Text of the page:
We got to pretty Amalfi in the afternoon and were very happy with our hotel. I had read a very bad review of the hotel, where someone said it was like an Italian Faulty Towers. It’s not for everyone and if you want four and five star then you have to pay a lot more for it. It was a three-star hotel with a five star view, a bit run down, a bit shabby with its nice, old Mediterranean wooden furniture, a lot of charm, in an amazing spot. We had sea-front rooms with balconies and loads of space. Breakfast wasn’t bad either - big selection of pastries and baked goods, some cheese and salami, good Italian coffee.
Amalfi is a small, one street town in the middle of the Amalfi coast at the bottom of a deep ravine, with a harbor in the front and the mountains in the back. It has an impressive church on the square. It used to be an independent republic and an important maritime power. In 1343 a tsunami destroyed the town and most of the town slid into the sea, except for the 11th
century cathedral. It wasn’t too crowded at the beginning
of May and had a real small town vibe. The shops are nice, I bought a few things, the prices are pretty good too. We spent an enjoyable afternoon wondering around the harbor and shops and walked to Atrani another pretty village not far from Amalfi with wonderful views of the coast along the way. In the evening we had a good meal at a restaurant on the water.
We only had one day left and we really wanted to go to Capri but that would mean we wouldn’t have time for anything else as rain was forecast for the following day. We decided to take the bus up to Ravelo in the hills, above Amalfi. The road winds up into the mountains, high above the sea, overlooking the ravine and the terraces. Ravello, at the top, up amongst the clouds is a wonderful old village to wonder around in. Although it only has 2,500 people today, it once had a population of 25,000 and many rich families who left a large number of palazzi as evidence of their passing.
We visited the gardens of Cimbrone. The wisteria was in full bloom above our heads and the bushes
were bursting with white roses as we walked to the Terrace of Infinity with dramatic views of the entire Amalfi coast. You would think that this would be impossible to top, but you would think wrong, our next stop was Villa Rufolo. At this point, our sons were well satiated with beautiful views and retired to the square to get a drink and watch the people and we continued on alone. The villa has beautiful flower gardens and there are more amazing views over the coast. Not too much to add, the photos speak for themselves.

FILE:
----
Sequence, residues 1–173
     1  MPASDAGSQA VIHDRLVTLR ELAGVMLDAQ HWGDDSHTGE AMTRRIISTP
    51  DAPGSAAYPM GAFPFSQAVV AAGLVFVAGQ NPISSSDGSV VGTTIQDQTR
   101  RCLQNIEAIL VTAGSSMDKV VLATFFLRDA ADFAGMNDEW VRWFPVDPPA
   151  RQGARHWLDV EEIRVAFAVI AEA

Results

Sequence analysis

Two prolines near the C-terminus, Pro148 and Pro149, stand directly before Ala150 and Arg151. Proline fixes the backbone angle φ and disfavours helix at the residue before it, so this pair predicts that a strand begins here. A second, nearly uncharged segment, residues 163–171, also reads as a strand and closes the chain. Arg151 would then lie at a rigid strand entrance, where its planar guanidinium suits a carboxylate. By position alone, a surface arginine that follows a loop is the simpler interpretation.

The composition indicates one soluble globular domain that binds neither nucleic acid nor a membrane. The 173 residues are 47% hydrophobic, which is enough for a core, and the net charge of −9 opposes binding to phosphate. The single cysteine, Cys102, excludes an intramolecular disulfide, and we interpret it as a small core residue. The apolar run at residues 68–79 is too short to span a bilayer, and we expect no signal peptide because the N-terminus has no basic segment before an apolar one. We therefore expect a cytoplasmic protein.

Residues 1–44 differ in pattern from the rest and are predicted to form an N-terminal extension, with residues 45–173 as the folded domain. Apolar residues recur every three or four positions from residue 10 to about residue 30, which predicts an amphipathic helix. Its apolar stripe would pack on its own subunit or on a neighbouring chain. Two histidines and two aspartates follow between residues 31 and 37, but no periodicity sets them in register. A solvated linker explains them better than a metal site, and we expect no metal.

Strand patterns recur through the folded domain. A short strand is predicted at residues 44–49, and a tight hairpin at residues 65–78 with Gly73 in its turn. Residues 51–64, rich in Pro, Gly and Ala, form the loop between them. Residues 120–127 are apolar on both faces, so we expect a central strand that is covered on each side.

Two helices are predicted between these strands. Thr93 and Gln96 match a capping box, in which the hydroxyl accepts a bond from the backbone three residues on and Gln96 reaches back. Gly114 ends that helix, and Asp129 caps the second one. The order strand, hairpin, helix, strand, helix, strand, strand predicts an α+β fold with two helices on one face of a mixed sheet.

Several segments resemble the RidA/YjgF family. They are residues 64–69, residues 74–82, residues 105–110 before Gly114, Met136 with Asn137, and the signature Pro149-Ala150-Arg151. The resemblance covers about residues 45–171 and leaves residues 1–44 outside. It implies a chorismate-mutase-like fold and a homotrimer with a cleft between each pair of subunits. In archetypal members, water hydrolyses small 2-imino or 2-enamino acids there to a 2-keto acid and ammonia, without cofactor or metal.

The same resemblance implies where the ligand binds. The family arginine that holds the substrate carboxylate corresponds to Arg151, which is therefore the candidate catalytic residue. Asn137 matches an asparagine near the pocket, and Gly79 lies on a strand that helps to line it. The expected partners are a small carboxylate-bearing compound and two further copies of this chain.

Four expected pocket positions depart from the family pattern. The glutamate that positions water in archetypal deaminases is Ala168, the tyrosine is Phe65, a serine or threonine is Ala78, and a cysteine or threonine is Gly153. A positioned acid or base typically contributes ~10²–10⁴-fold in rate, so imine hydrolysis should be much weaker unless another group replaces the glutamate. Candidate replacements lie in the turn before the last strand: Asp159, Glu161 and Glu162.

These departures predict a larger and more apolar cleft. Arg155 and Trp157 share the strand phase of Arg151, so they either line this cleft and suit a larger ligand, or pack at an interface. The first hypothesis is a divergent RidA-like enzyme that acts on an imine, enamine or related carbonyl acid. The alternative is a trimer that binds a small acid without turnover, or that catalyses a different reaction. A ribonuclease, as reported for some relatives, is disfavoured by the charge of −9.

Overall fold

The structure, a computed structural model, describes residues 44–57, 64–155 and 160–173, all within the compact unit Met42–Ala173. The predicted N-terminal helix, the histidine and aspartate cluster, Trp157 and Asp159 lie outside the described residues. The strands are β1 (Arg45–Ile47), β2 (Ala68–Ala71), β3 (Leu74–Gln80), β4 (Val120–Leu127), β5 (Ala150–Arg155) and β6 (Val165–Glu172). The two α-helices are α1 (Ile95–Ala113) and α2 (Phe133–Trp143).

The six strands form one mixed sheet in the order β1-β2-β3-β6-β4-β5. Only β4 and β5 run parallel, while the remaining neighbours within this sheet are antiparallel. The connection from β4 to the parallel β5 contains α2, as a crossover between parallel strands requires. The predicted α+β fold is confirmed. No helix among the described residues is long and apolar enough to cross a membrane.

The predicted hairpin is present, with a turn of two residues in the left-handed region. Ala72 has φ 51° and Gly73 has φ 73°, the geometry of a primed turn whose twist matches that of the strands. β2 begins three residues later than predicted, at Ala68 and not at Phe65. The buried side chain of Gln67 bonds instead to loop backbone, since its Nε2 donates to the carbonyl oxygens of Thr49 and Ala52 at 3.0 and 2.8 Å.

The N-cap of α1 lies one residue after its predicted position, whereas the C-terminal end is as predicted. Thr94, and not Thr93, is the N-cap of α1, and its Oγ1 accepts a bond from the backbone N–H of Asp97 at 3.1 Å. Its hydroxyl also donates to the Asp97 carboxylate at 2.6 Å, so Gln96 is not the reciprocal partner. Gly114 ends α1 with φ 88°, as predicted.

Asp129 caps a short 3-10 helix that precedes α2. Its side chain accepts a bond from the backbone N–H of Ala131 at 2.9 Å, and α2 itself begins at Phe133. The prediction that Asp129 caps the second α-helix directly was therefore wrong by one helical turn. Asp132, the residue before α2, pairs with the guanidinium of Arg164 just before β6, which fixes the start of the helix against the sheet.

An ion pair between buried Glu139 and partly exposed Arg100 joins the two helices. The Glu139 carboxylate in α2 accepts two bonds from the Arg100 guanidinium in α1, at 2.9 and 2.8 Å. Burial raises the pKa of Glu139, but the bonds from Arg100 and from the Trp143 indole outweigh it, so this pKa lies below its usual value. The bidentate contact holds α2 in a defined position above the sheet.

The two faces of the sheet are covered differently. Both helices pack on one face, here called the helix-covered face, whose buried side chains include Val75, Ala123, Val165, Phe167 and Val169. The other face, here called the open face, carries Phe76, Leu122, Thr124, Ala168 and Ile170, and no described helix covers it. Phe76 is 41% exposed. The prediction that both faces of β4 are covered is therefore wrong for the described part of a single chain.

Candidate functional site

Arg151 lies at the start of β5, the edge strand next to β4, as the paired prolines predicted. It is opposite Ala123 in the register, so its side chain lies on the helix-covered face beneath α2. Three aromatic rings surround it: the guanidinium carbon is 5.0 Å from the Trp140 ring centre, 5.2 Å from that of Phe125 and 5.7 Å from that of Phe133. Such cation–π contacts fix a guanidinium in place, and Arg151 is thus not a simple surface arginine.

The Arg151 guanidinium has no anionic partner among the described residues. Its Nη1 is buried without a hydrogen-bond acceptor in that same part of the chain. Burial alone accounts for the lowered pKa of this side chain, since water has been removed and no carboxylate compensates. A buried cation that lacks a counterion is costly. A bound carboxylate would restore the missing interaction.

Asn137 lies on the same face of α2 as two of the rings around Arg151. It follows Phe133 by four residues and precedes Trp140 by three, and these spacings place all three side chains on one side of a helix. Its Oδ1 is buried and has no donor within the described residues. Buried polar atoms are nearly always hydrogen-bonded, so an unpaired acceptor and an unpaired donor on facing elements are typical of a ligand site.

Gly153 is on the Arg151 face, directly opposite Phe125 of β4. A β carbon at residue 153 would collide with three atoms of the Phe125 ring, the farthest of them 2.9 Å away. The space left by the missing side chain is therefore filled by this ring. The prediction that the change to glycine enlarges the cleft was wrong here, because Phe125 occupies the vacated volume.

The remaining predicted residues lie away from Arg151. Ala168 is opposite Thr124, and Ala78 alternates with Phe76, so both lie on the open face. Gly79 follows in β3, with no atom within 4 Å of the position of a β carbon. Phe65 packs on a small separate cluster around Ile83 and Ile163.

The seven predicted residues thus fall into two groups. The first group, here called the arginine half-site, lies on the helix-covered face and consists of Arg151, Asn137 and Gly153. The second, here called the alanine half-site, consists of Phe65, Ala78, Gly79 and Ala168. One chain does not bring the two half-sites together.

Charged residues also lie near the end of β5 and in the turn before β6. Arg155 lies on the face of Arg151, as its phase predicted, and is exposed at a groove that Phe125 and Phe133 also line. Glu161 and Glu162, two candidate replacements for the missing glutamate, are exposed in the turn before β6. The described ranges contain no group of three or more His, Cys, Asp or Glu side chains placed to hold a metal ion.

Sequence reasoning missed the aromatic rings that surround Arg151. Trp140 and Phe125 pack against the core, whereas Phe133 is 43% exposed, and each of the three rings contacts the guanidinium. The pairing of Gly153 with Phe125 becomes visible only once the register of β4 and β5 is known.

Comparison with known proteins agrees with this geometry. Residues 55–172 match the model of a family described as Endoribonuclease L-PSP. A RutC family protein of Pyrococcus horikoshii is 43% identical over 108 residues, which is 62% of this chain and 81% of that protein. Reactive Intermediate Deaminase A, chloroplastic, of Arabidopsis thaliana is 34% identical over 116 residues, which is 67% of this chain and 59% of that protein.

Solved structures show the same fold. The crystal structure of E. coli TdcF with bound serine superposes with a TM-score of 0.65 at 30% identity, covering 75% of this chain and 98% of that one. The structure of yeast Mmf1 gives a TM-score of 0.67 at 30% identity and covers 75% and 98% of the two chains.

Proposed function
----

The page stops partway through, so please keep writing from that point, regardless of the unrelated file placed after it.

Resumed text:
In the afternoon we took a boat up the coast to Positano. It is a pretty, densely packed village that spills down the hillside onto a beach and the small lanes wind their way steeply uphill. It looked promising from the boat but once on land we didn’t like it so much. There were many tourists and also big groups of American teenagers. The little lanes were packed with people – mobs of people filled every available space. The little shops along the way were much more expensive than Amalfi. We bought some ice cream and returned to the pier to wait for
our return boat trip to Amalfi with plenty of time to spare and we were awfully glad that we were staying in Amalfi and not Positano, a stroke of luck really because the online descriptions say that Positano is more upmarket and expensive but similar -- not at all, Amalfi is much nicer.
It started raining later in the evening and kept it up for most of the following day which was a shame as we drove down the coast as far as Salerno but couldn’t see much through the rain. We stopped to buy some ceramics at Vietri Sul Mare and then drove on to Rome for our last two days.